With reference to FIG. l, this interrelationship between the structural configuration of the anode mounts and the cell base is preferably obtained as follows: (a) a cell base plate 10, having disposed herein a number of holes 12, through which anode mounts 14 protrude, (b) the anode mount 14, is a stud having a diameter sufficiently smaller than the hole 12, in the cell base plate 10, to permit about A inch lateral movement of the anode 16, attached to the stud, and (c) a nut 18, larger than the hole in the cell base plate is threaded onto the end of the stud 1, protruding through the hole. A washer 20, is usually inserted between the nut 18, and the cell base plate 10. A collar 21 to facilitate sliding of the anode is preferably attached to the stud above the base plate. The first mode is achieved with the nut 18, loosely threaded onto the stud 14, to permit lateral sliding of the stud in the hole. The second mode is achieved by tightening the nut to secure it against the base plate.
It should be understood that the novelty of the instant invention does not reside in the design and construction of an anode surface, a diaphragm, the cathode or the cell can. Any of the constructions currently in use are acceptable and may be adapted to the present invention. The type of construction embodied in U.S. Pat. 2,987,463 is typical of the type of cell construction commercially used wherein the cathodes are in the form of parallel hollow fingers projecting horizontally from the two opopsite sides of the cell can and are adapted to alternate with the anodes. The diaphragm in this type of operation is deposited upon the perforated or foraminous cathode material itself.
IMovement between the anode and the cathode results in self-alignment of the anodes and cathodes in the cell structure which permits a decreasing of the gap between the anode and the cathode with its resulting voltage drop and improved eiciency for cell operation. When the cell is assembled employing both the novel anode structure and the improved method of assembly, the minimum gap between the anode and the diaphragm is the gap required for efficient cell operation (space for escaping chlorine and replenishing the brine) rather than the previously larger gap required for assembly of the cell.
The minimum gap required for operation of the electrolytic cell depends upon the specific design of the cell and contemplated operating conditions. However, a gap between the anode and diaphragm of less than 1/16 of an inch would tend to be impractical while a gap of about 1/2 inch would approach the prior art minimum obtainable gap without the self-aligning ability provided by this invention. The preferred gap between the anode and the diaphragm is about 1A inch, which can be accurately obtained by employing 1A inch spacing members. Such a cell having the preferred M1 inch gap has an extremely low resistance to the passage of electrolyzing current, may be assembled and disassembled rapidly with good dimensional accuracy, may be operated at higher current densities, yields greater cell power and current eiciency.
The structural characteristics of conventional foraminous metal cathodes permit some flexing or horizontal movement of the cathode fingers. Therefore, self-aligning horizontal movement between the anode and the cathode during assembly of a Hooker-type cell having fixed anodes can be obtained by employing the novel guiding and spacing members to urge the cathode fingers into alignment without scraping off the diaphragm. The cathode structure could be modified to permit horizontal movement to facilitate alignment. However, alignment is preferably obtained with less difficulty and less force required to produce the aligning movement between the anode and the cathode when both the novel self-aligning anode structure and the novel spacing and guiding members are used in assembling the cell.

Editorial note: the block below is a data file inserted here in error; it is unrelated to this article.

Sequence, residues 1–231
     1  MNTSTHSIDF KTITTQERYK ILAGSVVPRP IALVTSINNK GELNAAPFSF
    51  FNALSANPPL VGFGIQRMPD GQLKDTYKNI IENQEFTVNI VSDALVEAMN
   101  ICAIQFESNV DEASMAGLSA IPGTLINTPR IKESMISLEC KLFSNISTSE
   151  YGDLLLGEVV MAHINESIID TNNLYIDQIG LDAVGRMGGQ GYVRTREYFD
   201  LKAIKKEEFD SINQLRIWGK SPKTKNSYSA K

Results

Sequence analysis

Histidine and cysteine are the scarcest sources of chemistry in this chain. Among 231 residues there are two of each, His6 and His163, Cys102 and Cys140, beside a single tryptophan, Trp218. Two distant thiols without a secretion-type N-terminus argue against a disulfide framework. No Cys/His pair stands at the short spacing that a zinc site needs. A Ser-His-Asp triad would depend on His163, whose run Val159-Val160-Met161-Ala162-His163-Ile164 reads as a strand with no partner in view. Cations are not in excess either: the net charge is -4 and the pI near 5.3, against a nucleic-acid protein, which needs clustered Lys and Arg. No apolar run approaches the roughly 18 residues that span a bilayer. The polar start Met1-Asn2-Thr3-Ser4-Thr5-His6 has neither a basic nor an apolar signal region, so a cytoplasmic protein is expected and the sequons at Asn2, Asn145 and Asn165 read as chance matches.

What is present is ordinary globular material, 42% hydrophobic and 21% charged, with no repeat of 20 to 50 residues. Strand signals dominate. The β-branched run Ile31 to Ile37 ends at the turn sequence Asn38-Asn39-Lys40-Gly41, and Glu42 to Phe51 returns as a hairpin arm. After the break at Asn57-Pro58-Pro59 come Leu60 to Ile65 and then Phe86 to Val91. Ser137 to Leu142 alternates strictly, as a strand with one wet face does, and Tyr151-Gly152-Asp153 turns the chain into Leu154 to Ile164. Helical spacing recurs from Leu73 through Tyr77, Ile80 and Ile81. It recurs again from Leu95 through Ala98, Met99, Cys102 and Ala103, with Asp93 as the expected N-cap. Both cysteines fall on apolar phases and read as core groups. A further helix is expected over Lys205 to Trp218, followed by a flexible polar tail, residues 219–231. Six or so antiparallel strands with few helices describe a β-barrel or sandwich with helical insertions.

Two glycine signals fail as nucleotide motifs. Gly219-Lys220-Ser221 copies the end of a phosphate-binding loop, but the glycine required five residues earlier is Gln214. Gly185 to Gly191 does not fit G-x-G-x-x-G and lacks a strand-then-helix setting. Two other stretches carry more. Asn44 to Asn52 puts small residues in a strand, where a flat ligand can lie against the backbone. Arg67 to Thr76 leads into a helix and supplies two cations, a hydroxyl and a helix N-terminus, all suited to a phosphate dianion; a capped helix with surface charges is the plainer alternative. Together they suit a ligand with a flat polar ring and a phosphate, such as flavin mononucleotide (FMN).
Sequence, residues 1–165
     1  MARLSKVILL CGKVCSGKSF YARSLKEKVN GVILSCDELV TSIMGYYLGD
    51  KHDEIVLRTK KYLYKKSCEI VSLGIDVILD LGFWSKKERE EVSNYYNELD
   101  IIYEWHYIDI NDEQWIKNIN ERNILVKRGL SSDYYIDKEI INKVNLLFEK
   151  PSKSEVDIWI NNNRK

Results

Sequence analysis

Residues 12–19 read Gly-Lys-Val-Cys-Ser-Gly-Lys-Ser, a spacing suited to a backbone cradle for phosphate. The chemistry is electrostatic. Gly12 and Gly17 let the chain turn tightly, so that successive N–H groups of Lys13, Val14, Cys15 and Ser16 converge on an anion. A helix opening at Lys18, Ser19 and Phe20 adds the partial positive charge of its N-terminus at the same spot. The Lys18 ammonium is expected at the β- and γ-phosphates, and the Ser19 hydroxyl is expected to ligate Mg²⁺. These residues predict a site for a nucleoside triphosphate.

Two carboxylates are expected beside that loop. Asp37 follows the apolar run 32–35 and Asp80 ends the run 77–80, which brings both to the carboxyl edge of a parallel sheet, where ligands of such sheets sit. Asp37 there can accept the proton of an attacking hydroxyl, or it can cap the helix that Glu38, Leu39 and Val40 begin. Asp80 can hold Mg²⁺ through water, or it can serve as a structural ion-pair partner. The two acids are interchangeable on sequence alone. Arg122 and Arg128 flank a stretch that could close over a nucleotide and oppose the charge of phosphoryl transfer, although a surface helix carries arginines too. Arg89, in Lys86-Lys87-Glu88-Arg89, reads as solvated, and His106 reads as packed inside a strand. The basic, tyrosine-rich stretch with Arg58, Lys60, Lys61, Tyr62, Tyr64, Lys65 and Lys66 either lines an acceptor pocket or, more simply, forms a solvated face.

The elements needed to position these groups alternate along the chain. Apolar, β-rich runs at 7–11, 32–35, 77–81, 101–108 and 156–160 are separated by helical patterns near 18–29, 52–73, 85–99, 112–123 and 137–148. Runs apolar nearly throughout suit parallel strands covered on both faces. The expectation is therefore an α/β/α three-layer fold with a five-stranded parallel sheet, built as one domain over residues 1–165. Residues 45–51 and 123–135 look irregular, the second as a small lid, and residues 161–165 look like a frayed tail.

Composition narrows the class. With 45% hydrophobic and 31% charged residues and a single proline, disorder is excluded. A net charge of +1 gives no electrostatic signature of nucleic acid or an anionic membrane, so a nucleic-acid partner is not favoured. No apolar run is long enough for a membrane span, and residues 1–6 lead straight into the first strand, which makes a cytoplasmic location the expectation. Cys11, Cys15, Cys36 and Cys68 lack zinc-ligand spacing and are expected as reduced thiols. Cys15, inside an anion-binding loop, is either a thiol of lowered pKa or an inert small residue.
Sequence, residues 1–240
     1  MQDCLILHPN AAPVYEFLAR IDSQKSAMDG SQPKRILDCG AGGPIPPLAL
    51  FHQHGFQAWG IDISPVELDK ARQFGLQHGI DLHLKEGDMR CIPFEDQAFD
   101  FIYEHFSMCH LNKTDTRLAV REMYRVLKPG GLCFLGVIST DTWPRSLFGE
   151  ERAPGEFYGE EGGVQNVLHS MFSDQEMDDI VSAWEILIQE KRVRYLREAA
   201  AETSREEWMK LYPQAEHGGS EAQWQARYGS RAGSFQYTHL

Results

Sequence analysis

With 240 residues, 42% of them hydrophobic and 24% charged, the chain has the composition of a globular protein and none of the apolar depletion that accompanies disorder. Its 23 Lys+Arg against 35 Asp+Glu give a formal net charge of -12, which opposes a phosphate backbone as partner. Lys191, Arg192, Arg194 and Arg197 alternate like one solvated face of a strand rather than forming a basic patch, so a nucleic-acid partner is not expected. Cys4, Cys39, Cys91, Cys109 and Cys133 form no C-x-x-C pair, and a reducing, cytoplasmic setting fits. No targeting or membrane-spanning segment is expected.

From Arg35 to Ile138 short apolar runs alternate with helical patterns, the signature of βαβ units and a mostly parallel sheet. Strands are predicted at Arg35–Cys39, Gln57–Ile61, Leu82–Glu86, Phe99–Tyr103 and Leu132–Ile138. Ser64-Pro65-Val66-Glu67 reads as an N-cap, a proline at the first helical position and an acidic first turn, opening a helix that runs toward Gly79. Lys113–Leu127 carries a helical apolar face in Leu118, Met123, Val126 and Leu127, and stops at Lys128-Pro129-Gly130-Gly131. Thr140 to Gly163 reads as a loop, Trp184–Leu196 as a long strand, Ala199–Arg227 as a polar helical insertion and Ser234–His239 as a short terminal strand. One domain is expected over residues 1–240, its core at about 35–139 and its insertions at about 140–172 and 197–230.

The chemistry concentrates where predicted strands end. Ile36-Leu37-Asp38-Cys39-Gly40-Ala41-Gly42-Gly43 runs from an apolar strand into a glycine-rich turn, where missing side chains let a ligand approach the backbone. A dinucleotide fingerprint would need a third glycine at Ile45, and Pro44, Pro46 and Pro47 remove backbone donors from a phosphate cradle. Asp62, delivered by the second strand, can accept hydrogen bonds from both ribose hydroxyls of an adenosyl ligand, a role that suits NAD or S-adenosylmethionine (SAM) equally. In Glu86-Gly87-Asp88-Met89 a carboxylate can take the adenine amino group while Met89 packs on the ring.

Self-aligning movement between the anode and the cathode is preferably obtained during assembly of the cell by the sliding contact between the spacing members and either the anodes or the diaphragm surface of the cathodes. However, when the novel self-aligning anode structure is used, the movement between the anodes and cathodes can also be obtained by applying a force directly to the anode mounts or by the use of mechanical linkage or its equivalent, to physically adjust the alignment of the anode after or during assembly of the anodes and cathodes.
Many types of dimensionally stable anodes for which this invention is useful are known in the art. A typical one is described in U.S. Pat. 3,591,483. The configuration and designs of the dimensionally stable anodes to be used with the present invention can be any of a number of variations generally known in the art in that essentially all dimensionally stable anodes are operable in the present invention.
The dimensionally stable anodes which are preferred in the practice of the present invention comprise an electrically-conductive surface, a material supporting said electrically-conductive surface and an anode mount in contact with the material which supports the electricallyconductive surface, for mounting the anode to the cell base plate. The electrically-conductive surface of the dimensionally stable anodes may be composed of any material which has a sufiiciently low chlorine overvoltage and which is chemically inert to the electrolyte as well as resistant to the corrosive conditions of the cell. Typically this electrically-conductive surface will be composed of platinum group metals, alloys of platinum group metals, platinum group oxides, mixtures of platinum group oxides and alloys which are mixtures of platinum group metal oxides with platinum group metals.-